Starting Your Treatment With Victoza

If you have diabetes, you have likely heard of Victoza and Saxenda. The two agents contain the same active ingredient, liraglutide, but their approved indication for use differs. Saxenda is approved for weight loss, whereas Victoza is approved for diabetes. The following will help break down what to expect during your treatment with Victoza.

Type 2 diabetes treatment: Victoza

In the United States, Victoza is used in people over ten years of age in addition to diet and exercise for those with type 2 diabetes. It is also indicated to help reduce the risk of major heart events, such as heart attacks and strokes, in adults with type 2 diabetes who also have heart disease. It is important to know that Victoza is not insulin itself.

Victoza is an anti-diabetic agent, part of the Glucagon-Like Peptide-1 (GLP-1) Receptor Agonist class of medications. It has been shown to help reduce A1C levels by approximately 1%.1 Victoza helps to accomplish this in 3 ways:1

  • Helps the pancreas make more insulin
  • Reduces how much sugar the liver makes
  • Slows food leaving the stomach, which helps manage blood sugar levels following meals

How should Victoza be administered?

Victoza should be administered as a subcutaneous injection - an injection that goes under the skin. It comes in an 18 mg/3ml formulation. The typical dose is 0.6 mg once daily for 1 week, which is then increased to 1.2 mg once daily. If the desired glucose response is not achieved after an additional week of treatment, the dose may be increased further to 1.8 mg once daily.1

It is important to note that at lower doses, including 0.6 mg and lower, Victoza does not help reduce sugar levels. It is prescribed in this manner to help reduce nausea and other gastrointestinal symptoms that can accompany Victoza at the beginning.

Victoza is typically injected into the upper arm, stomach, or thigh. After each use, it is important to change the needle of the pen to help reduce the risk of skin infections.

It does not matter what time of day Victoza is injected, and there is no need to time it around meals. If you are also using insulin, administer Victoza separately. Never mix insulin and Victoza; however, they may be injected into the same body area. It is generally not advised to inject them right next to each other.1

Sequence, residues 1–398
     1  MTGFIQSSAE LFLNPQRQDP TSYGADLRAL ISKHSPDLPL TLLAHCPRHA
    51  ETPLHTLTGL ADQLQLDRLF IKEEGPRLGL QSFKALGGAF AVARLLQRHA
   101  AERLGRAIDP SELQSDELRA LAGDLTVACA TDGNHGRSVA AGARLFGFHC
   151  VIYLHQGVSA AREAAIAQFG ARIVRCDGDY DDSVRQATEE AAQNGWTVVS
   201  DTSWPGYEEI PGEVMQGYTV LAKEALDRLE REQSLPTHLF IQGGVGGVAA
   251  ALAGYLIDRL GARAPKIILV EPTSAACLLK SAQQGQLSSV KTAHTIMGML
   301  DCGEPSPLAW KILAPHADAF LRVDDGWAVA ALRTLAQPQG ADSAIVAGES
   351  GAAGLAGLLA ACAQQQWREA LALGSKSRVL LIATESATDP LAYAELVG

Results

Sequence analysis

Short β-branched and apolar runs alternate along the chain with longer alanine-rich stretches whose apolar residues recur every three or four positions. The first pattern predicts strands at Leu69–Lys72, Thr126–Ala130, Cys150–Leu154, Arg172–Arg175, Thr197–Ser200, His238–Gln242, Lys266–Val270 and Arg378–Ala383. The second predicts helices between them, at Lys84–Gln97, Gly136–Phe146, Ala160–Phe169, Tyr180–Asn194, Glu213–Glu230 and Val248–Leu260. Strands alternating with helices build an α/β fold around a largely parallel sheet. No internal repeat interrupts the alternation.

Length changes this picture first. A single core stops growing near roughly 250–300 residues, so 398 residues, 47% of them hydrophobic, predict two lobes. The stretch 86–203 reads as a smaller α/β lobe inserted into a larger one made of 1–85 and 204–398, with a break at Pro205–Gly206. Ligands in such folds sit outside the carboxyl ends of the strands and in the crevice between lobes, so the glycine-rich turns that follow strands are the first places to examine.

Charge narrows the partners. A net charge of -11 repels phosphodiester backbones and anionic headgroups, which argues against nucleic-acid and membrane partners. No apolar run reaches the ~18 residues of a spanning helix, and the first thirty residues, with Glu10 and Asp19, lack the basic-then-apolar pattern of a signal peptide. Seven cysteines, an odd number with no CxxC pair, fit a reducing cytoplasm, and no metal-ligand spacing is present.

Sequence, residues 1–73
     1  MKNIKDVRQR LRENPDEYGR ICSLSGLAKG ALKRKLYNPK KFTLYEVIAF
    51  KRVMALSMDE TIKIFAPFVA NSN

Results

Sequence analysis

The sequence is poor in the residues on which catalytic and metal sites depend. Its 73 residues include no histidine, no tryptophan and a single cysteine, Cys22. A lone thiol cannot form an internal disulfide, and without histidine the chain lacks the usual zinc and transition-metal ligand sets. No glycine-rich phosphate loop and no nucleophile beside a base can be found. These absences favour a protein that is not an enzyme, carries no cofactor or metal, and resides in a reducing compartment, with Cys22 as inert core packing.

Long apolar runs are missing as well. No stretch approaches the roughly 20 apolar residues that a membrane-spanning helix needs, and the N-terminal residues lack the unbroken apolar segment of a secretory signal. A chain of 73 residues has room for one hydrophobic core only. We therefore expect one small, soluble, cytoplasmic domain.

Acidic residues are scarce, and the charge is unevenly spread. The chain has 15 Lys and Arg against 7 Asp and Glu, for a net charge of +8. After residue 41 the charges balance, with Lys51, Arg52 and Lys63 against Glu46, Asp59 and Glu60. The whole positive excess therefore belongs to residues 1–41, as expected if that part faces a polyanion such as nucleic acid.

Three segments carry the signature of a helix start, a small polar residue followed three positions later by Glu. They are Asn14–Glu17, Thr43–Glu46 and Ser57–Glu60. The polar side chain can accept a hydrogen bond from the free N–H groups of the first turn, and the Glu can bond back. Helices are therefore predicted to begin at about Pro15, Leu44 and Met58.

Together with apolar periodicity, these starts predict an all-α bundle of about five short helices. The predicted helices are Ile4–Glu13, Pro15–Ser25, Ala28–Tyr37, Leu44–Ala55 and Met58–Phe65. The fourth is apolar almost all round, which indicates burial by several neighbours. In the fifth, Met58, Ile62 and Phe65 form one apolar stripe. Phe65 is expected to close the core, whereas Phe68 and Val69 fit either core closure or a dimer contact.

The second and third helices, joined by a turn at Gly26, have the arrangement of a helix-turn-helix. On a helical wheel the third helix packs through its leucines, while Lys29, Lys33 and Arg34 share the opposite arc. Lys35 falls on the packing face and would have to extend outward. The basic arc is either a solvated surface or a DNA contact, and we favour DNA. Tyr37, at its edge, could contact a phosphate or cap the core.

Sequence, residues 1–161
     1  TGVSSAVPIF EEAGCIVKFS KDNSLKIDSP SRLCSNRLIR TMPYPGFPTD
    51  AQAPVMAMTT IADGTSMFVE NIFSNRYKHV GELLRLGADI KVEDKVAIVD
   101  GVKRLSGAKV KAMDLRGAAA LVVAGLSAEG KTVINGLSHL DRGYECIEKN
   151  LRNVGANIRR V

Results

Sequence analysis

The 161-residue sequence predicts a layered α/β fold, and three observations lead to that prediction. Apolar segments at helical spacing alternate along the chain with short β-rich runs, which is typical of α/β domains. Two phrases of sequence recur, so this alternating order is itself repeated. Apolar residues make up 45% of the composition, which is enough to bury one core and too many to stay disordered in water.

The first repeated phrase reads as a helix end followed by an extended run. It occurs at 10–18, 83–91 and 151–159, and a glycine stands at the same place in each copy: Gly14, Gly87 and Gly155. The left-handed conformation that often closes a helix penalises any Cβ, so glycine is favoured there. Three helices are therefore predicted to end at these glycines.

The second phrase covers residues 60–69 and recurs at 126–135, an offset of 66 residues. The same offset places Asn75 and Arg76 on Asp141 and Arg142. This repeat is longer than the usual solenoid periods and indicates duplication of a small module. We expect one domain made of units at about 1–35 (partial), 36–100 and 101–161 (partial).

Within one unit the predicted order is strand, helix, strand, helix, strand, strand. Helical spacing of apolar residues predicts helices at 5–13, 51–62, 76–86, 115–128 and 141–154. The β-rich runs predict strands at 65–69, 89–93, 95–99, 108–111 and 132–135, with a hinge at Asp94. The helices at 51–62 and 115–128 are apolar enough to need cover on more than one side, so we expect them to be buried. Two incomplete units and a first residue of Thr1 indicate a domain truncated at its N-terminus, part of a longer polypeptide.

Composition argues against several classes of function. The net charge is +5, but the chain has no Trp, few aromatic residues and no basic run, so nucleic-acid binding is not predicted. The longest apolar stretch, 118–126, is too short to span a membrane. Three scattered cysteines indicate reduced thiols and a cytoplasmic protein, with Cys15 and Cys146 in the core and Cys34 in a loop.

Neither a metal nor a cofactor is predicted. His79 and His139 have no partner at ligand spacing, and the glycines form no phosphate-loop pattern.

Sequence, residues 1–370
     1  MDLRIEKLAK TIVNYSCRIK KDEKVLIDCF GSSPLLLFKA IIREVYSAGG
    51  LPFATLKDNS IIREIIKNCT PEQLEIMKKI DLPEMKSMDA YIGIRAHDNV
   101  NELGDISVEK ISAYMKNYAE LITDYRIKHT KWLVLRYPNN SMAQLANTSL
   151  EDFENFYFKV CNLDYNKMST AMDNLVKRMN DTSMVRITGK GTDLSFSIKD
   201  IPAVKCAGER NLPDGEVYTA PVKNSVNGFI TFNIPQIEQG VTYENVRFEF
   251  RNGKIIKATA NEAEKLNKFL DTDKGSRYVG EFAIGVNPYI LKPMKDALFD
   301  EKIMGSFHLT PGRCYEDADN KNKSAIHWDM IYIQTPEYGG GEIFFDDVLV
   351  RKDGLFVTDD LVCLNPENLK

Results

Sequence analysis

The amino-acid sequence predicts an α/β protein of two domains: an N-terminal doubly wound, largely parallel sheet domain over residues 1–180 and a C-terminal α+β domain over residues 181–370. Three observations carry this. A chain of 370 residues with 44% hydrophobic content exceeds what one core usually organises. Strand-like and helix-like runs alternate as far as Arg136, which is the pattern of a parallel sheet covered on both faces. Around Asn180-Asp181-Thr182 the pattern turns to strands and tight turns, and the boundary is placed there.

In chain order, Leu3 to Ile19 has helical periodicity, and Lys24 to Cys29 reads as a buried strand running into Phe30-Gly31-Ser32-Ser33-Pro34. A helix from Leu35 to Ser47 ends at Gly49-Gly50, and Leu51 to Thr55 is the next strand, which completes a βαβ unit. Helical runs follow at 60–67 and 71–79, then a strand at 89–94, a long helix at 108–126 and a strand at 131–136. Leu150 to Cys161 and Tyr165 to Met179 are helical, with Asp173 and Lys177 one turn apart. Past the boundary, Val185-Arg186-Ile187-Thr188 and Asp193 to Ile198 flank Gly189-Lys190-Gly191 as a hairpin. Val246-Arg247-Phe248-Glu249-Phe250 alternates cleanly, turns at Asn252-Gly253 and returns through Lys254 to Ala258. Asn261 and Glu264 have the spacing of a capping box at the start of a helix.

How do I use my Victoza pen?

Victoza comes in a pen formulation that requires priming. With every new pen, spin the dose selector at the bottom of the pen to the "flow check" symbol. Then, push the syringe into the air. The Victoza is now primed and does not need priming for further injections.1

Once you inject your dose, make sure to continue pressing the button of the pen down until the dial has reverted to zero and for 6 more seconds. After that, you can remove the needle and discard it appropriately.1

What do I do if I accidentally miss a dose?

If you miss your dose, skip the dose and resume with your regularly scheduled regimen the next day. Never double the dose in response to missing one dose.

It is recommended to start at a lower dose if Victoza has been paused for more than 3 days. This is to help reduce side effects from starting at a high dose.1

What are side effects of Victoza?

The most common side effects are gastrointestinal in nature, such as: diarrhea, nausea, and vomiting. Constipation, heartburn, and stomach pain are also other side effects; however, the symptoms generally decrease after 4 weeks of treatment.2 Other side effects include:1

  • Hypoglycemia (low blood sugar)
  • Headaches
  • Upper respiratory tract infections
  • Injection site reactions such as redness and rash

Starting a new medication can be a stressful experience. By equipping yourself with knowledge and a support system, you will have a better understanding of what to expect during treatment.

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